The term "bootstrapping" comes from the phrase "lifting yourself by your bootstraps", which is not actually possible but gets the idea across of a closed loop process. In the context of Open Source Ecology it means starting from a minimal set of people, skills, money, and tools, and using them to make progressively better tools until the full range of Global Village hardware is available. Along with an expanding tool set comes an expanding community organization. There is no point in having 50 people working when you only have a few hand tools to work with. The design problem is what is the optimal bootstrapping path, and how would it vary according to location, available resources and skills, funding, etc.
Make vs Buy - Unless you want to truly start from nothing but a rock and a stick to make a stone axe, there will always be some level of bought items. To decide whether to make or buy a given item, the following are relevant:
- Productivity - This is how much you save by making the item divided by the time to make it. If you save $100 by making an item and it takes you ten hours to make it, then your productivity is $10/hr. If you can be doing something else with a higher productivity, such as a paid job, then you are better off in total time required by just buying the item.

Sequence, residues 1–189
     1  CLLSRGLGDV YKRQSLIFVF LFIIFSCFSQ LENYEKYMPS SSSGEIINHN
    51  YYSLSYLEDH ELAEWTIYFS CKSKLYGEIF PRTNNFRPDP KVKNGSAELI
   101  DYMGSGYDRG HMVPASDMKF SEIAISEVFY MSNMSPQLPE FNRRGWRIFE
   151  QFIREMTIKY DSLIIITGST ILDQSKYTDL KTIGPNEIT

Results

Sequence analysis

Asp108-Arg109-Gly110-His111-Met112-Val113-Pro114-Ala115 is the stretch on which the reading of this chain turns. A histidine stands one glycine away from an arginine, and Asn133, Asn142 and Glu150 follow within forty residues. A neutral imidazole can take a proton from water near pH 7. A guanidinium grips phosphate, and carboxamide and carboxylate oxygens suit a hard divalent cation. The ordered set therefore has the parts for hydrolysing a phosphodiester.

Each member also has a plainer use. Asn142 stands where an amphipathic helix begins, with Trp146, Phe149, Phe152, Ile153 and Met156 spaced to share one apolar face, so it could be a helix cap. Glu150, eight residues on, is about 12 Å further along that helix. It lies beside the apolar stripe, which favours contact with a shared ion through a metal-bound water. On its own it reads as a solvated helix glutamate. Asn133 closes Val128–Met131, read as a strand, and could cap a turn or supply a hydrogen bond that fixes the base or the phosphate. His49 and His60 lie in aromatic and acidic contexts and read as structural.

- Service Life - Once you have it, how long will it last? A machine you make yourself will have a lesser or greater life than a bought one, depending on how it is designed.
Tool Grades - For discussion purposes, it is convenient to use existing descriptions of how capable a tool is. These are portable, stationary, and industrial. The different grades are distinguished by features such as weight, rigidity, accuracy, power level, and maximum work dimension. An example is portable electric drill, stationary drill press, and industrial drill press. Ideally you want to use one grade of tools to make the next higher grade. In some cases, a tool can be modified and upgraded to a higher grade.
Tool Functions - A functional category such as "making holes in things" may be accomplished by numerous tools (drill, punch, plasma torch, laser). You can map out the function according to parameters like: output rate (holes per hour), how big a hole, how thick a material, what kind of material, how accurate a hole, side effects on the work piece (such as heating from a plasma torch). A given tool will cover some range of parameters. When planning a bootstrap path, consider how a new tool will extend the range of parameters or overlap with other tools.